Many policymakers have now developed an interesting fixation on student finances. Maybe college students need classes about how to manage their money. According to an article by Taya Flores in Indiana’s Journal & Courier, one Purdue professor explained that college,

“[Is] a turning point in their life where they can take some news skills and knowledge and use it to their advantage,” Burns said.”If they don’t do it right, it can cost them for many, many years after college.”

She said a major pitfall for college students is falling into debt, which typically occurs when students don’t budget correctly.

Really? Now, no doubt there are responsible and irresponsible financial decisions students can make. But so much of this discussion about “financial responsibility” for college students seems to be driven by this weird assumption that students get into debt largely because of too much takeout food or shopping.

In fact, crippling debt seems mostly to come from student loans, not personal spending.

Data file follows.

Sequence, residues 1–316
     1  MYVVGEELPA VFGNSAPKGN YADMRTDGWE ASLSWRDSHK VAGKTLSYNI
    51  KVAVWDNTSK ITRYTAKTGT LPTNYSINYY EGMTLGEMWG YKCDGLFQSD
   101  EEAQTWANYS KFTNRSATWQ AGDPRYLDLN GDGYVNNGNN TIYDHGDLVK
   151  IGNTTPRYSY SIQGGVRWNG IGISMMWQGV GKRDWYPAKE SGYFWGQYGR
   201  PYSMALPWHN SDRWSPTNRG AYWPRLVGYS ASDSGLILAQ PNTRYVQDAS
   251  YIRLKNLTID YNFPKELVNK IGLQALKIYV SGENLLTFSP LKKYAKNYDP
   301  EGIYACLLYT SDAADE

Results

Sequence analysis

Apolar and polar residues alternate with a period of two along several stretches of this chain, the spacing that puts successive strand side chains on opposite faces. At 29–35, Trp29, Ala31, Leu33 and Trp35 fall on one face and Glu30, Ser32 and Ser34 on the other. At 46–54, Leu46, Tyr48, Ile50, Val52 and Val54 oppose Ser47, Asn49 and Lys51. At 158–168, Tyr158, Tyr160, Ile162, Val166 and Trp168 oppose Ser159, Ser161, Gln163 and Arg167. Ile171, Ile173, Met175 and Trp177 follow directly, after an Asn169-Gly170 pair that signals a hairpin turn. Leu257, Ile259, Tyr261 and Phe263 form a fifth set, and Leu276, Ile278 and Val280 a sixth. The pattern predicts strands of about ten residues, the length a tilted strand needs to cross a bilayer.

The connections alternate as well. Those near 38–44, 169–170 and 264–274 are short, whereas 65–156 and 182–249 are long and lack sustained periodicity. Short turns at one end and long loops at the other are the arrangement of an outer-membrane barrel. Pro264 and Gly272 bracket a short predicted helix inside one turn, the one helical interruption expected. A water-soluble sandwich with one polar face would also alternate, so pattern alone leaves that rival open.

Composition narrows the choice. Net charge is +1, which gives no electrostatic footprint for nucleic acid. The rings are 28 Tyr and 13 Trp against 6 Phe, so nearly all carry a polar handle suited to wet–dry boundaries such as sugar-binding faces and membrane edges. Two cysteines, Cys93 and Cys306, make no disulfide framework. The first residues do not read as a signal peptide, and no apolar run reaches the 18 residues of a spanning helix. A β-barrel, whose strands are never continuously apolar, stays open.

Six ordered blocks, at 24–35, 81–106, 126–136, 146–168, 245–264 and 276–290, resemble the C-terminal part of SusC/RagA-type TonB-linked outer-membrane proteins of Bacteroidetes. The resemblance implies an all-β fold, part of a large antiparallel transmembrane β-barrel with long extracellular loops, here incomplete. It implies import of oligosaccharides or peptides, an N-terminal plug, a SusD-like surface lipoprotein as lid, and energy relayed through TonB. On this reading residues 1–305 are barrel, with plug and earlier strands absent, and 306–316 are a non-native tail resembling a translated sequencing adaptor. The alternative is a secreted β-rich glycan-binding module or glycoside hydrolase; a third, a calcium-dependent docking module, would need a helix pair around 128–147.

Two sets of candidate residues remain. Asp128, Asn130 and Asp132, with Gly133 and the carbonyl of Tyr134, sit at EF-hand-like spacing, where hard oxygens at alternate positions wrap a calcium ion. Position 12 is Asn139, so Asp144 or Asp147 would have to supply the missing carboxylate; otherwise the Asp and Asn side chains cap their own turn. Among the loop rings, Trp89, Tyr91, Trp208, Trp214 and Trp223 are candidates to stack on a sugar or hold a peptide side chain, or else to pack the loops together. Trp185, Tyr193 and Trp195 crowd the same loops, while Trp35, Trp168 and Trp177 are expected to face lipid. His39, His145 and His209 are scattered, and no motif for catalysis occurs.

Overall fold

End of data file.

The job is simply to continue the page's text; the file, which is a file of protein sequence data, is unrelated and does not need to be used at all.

In 2009 the average college carried about $3,000 in credit card debt. At the same time, the average graduating college senior had about $23,000 worth of student loans to pay off. Which one of these is a bigger problem?

Meanwhile, Indiana’s cutting funding cutting funding for colleges and forcing many students to take classes more than once.

Perhaps “budgeting correctly” means a little more than teaching 19-year-olds how to balance their checkbooks. [Image via]

Our ideas can save democracy... But we need your help! Donate Now!

Daniel Luzer is the news editor at Governing Magazine and former web editor of the Washington Monthly. Find him on Twitter: @Daniel_Luzer